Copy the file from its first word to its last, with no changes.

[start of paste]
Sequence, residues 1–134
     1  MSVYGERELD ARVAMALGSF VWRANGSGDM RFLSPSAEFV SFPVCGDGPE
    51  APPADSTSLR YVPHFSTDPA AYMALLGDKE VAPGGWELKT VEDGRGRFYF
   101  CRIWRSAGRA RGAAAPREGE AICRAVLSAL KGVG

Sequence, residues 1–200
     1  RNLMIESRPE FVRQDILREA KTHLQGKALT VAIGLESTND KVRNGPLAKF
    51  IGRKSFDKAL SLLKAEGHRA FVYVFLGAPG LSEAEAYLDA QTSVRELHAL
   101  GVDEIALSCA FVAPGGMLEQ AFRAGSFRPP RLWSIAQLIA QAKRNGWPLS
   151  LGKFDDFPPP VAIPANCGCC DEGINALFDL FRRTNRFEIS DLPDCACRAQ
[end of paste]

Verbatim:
Sequence, residues 1–134
     1  MSVYGERELD ARVAMALGSF VWRANGSGDM RFLSPSAEFV SFPVCGDGPE
    51  APPADSTSLR YVPHFSTDPA AYMALLGDKE VAPGGWELKT VEDGRGRFYF
   101  CRIWRSAGRA RGAAAPREGE AICRAVLSAL KGVG

Sequence, residues 1–200
     1  RNLMIESRPE FVRQDILREA KTHLQGKALT VAIGLESTND KVRNGPLAKF
    51  IGRKSFDKAL SLLKAEGHRA FVYVFLGAPG LSEAEAYLDA QTSVRELHAL
   101  GVDEIALSCA FVAPGGMLEQ AFRAGSFRPP RLWSIAQLIA QAKRNGWPLS
   151  LGKFDDFPPP VAIPANCGCC DEGINALFDL FRRTNRFEIS DLPDCACRAQ